way / wā
1. a passage, a road
Our cautious ancestors, when yawning, blocked the way to the entrance of evil spirits by putting their hands before their mouths.
George H. Mead, 1863 – 1931
2. the course to move forward or progress
The main road is an easy way, but everyone loves the side streets.
3. the direction or path one is going on; a route
Better ask twice than lose your way once.
4. the means or process; the course of action
There are five ways in which to become wise: be silent, listen, remember, grow older and study.
5. the manner, custom, style
Manners are the happy way of doing things.
Ralph Waldo Emerson, 1803-1882
6. the ability to decide for oneself
From now on, I’ll connect the dots my own way.
Bill Watterson, 1958 –
7. an aptitude or ability
Dogs have a way of finding the people who need them, filling an emptiness we don’t even know we have.
Thom Jones, 1945 – 2016
8. a condition
A church is in a bad way when it banishes laughter from the sanctuary and leaves it to the cabaret, the nightclub and the toastmasters.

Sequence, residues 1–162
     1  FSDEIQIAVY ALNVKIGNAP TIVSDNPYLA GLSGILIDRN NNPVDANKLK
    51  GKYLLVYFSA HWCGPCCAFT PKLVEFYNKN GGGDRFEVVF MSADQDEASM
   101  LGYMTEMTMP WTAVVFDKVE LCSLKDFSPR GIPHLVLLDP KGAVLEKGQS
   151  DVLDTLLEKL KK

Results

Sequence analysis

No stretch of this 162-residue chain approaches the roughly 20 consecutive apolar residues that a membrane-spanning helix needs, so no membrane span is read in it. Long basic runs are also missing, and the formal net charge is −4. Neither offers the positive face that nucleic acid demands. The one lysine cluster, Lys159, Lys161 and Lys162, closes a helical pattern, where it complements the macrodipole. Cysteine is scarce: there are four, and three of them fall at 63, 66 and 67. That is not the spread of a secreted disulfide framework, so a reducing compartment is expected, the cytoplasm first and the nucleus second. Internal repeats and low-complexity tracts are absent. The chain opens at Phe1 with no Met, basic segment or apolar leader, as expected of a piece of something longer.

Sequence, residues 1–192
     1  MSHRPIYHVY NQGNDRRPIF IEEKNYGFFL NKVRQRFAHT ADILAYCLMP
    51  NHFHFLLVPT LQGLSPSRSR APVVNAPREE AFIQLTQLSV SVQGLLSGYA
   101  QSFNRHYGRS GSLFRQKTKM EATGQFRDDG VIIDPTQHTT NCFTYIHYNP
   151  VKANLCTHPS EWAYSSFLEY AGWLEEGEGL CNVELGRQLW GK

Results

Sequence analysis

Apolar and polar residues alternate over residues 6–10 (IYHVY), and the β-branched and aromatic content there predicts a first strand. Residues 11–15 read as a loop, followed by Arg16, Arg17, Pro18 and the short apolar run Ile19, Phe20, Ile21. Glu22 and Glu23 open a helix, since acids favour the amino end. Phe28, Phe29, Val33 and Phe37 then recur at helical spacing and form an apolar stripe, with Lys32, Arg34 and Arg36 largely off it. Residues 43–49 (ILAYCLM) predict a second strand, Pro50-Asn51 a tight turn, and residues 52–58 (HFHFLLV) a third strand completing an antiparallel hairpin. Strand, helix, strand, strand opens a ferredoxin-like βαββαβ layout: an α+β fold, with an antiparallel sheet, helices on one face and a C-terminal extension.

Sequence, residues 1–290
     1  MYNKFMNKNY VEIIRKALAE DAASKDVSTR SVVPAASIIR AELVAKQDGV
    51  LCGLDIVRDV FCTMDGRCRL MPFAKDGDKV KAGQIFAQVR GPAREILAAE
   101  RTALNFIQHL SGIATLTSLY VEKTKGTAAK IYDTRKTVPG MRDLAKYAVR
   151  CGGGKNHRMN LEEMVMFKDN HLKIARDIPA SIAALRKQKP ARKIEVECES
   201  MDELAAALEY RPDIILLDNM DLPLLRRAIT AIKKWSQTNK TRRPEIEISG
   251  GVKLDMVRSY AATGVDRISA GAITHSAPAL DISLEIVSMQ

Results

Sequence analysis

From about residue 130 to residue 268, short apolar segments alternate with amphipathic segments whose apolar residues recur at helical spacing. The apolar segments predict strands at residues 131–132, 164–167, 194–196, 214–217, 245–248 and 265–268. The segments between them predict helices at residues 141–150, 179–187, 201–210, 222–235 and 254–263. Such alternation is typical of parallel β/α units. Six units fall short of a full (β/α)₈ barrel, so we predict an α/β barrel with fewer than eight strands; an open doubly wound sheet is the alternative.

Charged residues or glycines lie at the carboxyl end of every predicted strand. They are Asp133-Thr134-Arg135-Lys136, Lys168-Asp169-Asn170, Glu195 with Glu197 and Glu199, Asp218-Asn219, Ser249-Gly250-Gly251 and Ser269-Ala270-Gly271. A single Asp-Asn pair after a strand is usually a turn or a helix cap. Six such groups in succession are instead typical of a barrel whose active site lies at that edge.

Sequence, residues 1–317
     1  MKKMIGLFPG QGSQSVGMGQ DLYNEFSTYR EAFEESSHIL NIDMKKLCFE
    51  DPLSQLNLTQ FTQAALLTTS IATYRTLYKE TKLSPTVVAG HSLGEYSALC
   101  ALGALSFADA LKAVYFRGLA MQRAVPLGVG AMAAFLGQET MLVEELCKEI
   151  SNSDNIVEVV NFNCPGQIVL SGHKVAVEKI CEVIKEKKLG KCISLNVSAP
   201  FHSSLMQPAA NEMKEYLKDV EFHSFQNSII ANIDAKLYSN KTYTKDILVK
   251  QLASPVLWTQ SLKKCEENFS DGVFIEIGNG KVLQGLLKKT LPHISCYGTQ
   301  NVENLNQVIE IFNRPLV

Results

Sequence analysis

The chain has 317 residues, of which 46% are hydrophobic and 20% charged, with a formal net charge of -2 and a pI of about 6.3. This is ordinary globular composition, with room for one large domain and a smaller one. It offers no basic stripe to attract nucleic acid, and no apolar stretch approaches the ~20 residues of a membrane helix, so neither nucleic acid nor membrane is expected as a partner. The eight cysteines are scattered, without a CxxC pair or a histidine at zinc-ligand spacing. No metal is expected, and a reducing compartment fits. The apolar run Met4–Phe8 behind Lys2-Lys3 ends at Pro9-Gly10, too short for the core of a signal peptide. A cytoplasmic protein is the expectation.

Helmut Thielicke, 1908 – 1986
9. nearby, an area in close proximity
Arrange whatever pieces come your way.
Virginia Woolf, 1882 – 1941
10. the movement of a ship through water
When a large vessel has opened a way it is easy for a small one to follow.
1. by a large amount or distance
We take ourselves way too seriously, and we don’t take God seriously enough.
Rick Warren, 1954 –
2. We’re all spending way too much of our time and energy trying to fight the stuff we can’t change.
Gayle King, 1954 –
weigh / wā
1. to measure the heaviness of someone or something
All the beautiful sentiments in the world weigh less than a single lovely action.
James Russell Lowell, 1819-1891
2. to carefully consider or evaluate
Words must be weighed not counted.
3. to be a specific weight or heaviness
My doctor said, ‘If you can weigh what you weighed in high school, you’ll essentially be healthy and not have Type 2 diabetes.’
Tom Hanks, 1956 –
4. to cause to bend due to excess heaviness
A feather will weigh down a scale when there is nothing in the opposite one.
Thomas Malthus, 1766 – 1834
5. to cause additional burden
It is not the cares of today, but the cares of tomorrow, that weigh a man down.
George MacDonald, 1824 – 1905
6. to raise anchor to prepare a vessel for sailing
If you’re not making waves, you’re not under weigh.
Chester W. Nimitz, 1885 – 1966